Q: In chronicling the story of your late wife’s treatment for metastatic breast cancer, you recount numerous examples of her doctors’ gross negligence that ultimately resulted in her death. Did you sue for malpractice?
Dr. Reiter: I tried. The medical negligence first started soon after Karen began chemotherapy, after the spread of the breast cancer to the liver and bones. Following a series of misdiagnoses and mistreatment over the course of four years, Karen realized that she had only months to live. She wanted to sue these so-called medical experts to prevent them from killing others. Leery of creating yet more stress in her life, I reluctantly called four highly respected malpractice attorneys, some of whom were also trained doctors. They all told me the same thing—that since her cancer had spread to the liver, she had less than a 5% chance of survival, and it would not pass the 50% survival hurdle, thus giving the doctors a full pass. The lawsuit would not be allowed by a judge to be heard in court. So much for justice.
Q: Karen’s final eight days of hospitalization in May 2003 cost a staggering $33,00. It’s been your experience that our medical system is very focused on end of life care, but that not enough attention is given those who need effective treatment for a better quality of life. What are the implications of this?
Dr. Reiter: Karen was in the hospital for the month of March 2003 for a total cost of well over $250,000. That was straight hospitalization—no OR, no ER, ICU, special tests, or sophisticated treatment measures. Since the nurses were overburdened, I paid for private duty sitters so that she could be assisted in normal activities, like going to the bathroom. Her final eight days of hospitalization in May cost $33,000 and during that time, she was in a coma on an IV drip with morphine –she was receiving no other treatment. The high cost of dying in Beverly Hills, I thought.
I have read that patients’ last two months of life cost Medicare $50 billion over the past year. Few questions are asked about these Medicare expenditures; costs that threaten to bankrupt the country. Without the ability to fully determine our own end of life care, we have little control over these costs and with technology today, physicians can prolong dying far longer than they provide quality living. The denial of death becomes a delusion and an obvious politically explosive issue—especially since millions are unable to afford basic health care.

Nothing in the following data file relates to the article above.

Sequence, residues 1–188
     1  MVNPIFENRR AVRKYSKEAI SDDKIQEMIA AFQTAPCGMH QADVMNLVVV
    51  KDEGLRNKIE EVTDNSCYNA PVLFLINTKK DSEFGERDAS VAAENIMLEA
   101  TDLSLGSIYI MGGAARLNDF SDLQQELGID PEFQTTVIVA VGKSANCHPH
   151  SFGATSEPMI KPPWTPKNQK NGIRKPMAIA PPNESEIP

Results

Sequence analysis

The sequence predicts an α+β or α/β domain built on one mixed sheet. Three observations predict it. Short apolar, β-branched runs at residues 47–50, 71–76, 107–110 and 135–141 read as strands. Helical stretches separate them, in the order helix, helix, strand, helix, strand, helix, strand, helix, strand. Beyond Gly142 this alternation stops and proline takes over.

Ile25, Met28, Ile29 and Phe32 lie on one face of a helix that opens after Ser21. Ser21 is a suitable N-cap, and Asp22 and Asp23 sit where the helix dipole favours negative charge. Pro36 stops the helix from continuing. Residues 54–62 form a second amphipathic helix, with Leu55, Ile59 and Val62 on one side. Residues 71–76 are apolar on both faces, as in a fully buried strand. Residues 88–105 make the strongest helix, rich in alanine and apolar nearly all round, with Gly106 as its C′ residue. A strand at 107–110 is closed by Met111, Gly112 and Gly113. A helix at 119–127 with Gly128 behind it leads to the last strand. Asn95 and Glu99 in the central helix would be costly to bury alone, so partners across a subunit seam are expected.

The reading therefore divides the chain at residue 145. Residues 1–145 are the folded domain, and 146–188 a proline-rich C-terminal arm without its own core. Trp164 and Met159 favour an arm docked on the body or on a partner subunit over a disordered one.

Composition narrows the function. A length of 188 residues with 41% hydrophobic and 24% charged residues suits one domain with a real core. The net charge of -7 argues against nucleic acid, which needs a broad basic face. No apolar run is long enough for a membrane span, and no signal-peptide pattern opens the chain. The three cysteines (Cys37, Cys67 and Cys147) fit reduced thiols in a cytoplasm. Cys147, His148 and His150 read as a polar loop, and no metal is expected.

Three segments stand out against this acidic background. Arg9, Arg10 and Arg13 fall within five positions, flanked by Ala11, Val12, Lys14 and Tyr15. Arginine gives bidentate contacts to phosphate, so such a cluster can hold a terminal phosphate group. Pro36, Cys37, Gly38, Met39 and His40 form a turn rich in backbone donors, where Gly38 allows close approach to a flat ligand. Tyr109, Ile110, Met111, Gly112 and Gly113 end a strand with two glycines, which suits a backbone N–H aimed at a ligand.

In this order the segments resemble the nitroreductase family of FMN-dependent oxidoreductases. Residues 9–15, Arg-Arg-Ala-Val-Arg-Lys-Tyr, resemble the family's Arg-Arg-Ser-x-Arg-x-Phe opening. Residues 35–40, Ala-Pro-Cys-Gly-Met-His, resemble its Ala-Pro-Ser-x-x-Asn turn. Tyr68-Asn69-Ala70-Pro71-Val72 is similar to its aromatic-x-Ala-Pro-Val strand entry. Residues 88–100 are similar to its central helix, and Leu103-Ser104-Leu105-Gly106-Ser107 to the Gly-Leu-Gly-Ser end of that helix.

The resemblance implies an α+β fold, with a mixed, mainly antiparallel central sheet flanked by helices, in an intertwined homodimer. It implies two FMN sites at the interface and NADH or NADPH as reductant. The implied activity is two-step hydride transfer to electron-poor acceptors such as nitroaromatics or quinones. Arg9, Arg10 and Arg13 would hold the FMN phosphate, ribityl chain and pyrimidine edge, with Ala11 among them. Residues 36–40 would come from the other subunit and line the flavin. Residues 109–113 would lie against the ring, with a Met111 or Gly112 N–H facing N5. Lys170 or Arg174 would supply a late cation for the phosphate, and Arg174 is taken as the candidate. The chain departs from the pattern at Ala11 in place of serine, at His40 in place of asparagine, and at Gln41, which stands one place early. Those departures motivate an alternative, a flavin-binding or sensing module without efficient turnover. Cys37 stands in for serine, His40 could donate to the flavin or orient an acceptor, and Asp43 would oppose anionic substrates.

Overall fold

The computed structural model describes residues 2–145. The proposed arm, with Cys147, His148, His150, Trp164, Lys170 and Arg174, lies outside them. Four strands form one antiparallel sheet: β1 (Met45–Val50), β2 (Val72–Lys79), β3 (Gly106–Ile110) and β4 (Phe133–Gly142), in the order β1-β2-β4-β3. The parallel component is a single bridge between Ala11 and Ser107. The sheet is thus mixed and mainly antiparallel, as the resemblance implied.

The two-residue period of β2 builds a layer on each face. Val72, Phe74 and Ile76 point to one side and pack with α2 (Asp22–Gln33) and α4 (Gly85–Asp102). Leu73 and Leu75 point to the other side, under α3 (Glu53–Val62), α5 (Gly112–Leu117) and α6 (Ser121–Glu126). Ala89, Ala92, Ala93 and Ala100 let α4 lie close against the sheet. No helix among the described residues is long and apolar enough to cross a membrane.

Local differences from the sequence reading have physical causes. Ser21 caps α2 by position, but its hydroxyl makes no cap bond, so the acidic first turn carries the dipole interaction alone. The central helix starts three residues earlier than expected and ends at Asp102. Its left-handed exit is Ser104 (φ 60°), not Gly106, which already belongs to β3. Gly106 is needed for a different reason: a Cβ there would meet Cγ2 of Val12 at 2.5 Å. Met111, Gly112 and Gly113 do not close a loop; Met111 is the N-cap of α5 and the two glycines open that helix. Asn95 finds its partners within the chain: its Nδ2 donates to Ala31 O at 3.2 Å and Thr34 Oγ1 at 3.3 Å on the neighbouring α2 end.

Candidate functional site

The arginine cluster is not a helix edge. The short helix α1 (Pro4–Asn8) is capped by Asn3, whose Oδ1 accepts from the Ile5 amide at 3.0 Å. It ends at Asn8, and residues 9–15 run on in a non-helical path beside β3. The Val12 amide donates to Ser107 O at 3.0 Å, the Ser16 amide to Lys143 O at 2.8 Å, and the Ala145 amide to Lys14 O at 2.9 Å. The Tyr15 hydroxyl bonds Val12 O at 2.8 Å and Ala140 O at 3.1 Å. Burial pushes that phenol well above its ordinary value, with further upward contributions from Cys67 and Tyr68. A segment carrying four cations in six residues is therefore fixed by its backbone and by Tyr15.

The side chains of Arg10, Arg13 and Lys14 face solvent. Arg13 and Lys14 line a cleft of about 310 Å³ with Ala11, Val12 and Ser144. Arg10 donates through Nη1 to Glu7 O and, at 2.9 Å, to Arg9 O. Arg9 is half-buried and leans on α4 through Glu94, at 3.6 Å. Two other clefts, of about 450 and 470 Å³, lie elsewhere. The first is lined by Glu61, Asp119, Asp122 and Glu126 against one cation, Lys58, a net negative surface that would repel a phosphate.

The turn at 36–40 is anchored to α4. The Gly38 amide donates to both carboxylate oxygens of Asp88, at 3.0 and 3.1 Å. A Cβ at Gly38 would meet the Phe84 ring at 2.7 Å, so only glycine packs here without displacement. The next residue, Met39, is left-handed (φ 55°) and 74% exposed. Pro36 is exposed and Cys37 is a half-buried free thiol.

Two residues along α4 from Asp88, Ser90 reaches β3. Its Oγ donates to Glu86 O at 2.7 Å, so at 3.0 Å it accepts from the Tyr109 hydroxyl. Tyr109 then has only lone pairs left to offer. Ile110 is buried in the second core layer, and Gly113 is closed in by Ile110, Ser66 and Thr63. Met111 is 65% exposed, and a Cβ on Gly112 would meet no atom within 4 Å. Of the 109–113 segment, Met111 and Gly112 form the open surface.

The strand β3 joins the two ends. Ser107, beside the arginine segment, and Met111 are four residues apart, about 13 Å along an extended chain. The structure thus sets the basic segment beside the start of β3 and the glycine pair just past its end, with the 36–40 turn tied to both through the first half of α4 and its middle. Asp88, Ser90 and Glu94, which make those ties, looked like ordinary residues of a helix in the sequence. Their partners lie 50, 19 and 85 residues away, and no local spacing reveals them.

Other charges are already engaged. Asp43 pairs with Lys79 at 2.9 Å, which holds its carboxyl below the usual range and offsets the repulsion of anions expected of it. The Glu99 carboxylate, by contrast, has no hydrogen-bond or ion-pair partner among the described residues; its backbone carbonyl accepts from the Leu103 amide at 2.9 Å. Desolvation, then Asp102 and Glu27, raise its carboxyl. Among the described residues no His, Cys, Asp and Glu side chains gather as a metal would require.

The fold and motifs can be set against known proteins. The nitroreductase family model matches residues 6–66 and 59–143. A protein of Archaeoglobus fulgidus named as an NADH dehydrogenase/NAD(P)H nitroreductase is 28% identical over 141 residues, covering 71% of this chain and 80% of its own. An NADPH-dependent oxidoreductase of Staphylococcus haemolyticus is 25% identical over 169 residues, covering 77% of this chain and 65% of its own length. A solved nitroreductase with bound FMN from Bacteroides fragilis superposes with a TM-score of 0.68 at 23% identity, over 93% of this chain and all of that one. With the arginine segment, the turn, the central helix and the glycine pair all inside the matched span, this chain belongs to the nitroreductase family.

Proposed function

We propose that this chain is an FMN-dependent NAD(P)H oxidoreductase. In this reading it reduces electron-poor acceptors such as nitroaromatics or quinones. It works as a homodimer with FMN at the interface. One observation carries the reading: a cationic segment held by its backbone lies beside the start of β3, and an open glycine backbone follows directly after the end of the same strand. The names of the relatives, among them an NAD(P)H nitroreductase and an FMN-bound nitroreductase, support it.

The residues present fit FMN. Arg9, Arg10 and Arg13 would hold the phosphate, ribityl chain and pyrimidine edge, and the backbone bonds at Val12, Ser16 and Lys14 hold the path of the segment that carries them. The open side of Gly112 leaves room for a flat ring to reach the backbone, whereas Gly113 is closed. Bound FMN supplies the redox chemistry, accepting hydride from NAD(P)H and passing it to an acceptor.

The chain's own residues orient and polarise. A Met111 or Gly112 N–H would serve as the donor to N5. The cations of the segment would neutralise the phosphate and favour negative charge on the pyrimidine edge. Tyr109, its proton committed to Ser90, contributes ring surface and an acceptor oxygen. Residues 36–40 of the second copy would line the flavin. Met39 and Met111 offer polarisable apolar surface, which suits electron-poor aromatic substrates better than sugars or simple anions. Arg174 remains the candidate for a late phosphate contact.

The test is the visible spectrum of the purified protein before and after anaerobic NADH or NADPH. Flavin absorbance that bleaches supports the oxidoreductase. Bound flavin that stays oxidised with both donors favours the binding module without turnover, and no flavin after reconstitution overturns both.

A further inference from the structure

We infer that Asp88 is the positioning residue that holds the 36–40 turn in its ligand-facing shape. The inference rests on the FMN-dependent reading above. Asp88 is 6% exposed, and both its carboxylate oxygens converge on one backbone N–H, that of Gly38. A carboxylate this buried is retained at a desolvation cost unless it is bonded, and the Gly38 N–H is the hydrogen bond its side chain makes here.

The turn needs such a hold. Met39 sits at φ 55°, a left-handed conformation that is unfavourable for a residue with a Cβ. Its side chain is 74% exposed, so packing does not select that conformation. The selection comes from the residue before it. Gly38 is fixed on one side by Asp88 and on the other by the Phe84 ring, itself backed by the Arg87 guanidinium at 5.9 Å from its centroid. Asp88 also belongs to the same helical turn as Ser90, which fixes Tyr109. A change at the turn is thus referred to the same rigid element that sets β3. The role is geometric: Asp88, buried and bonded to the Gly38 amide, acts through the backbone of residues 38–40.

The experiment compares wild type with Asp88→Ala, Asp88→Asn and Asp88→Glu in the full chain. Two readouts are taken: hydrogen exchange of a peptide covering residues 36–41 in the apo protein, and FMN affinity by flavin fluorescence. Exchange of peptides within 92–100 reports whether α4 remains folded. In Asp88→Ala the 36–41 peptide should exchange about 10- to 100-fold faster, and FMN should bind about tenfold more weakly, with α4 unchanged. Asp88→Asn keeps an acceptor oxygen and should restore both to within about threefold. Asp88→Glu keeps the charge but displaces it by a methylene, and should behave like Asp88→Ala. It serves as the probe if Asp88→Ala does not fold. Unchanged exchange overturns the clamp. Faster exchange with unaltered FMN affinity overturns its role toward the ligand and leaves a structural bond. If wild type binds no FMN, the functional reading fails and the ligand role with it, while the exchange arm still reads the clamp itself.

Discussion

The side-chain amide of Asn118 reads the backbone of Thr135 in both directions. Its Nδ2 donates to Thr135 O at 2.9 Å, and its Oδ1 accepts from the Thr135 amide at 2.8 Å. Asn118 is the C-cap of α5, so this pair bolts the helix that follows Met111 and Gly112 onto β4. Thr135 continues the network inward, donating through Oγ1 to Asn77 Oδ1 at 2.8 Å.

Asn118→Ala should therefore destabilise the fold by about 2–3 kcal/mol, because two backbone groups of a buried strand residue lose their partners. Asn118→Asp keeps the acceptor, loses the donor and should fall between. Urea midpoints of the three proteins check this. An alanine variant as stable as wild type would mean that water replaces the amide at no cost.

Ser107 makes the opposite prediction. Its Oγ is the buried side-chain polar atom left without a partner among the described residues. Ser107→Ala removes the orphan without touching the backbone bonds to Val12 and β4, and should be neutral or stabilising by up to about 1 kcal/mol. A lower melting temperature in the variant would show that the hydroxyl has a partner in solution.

Q: What other flaws do you see in our health care system?
Dr. Reiter: Medicine is not an exact science, despite what many people want to believe. It is essential for physicians to not only treat the disease, but to treat the patient with the disease. Unfortunately, doctors simply don’t have time to talk to their patients, to get to know them so they can prescribe the best treatment for that patient; not just for that patient’s illness. As a result, a lot of placebo medicine is practiced: for example, doctors often prescribe tests that aren’t necessary, which is not only costly, but which can also be very stressful for the patient.
Another flaw in the system that I experienced first-hand when Karen was being treated is that there is all too often a lack of communication or coordination of efforts between multiple doctors, a morass of disparate treatments, lab results, records, and the patient who stands in the middle of this bewildering mess. One morning shortly after her bilateral mastectomy, I realized that Karen was hemorrhaging into the almost empty mastectomy surgical space. (I can’t even imagine how much worse things could have become if I hadn’t been a doctor, myself.) We couldn’t track down her breast surgeon so we called the plastic surgeon who had inserted the saline bags for future breast implants. He told us to meet him at the hospital. We had to wait ten hours in a room without a bed between when Karen was admitted and when she was taken to the OR. During the ten-hour wait, I had gone repeatedly to the nurse on the ward but she was obviously annoyed by my pleas to save my wife, as were the rest of the staff and the operating room personnel. And this happened at one of the largest, best-respected private hospitals in the country!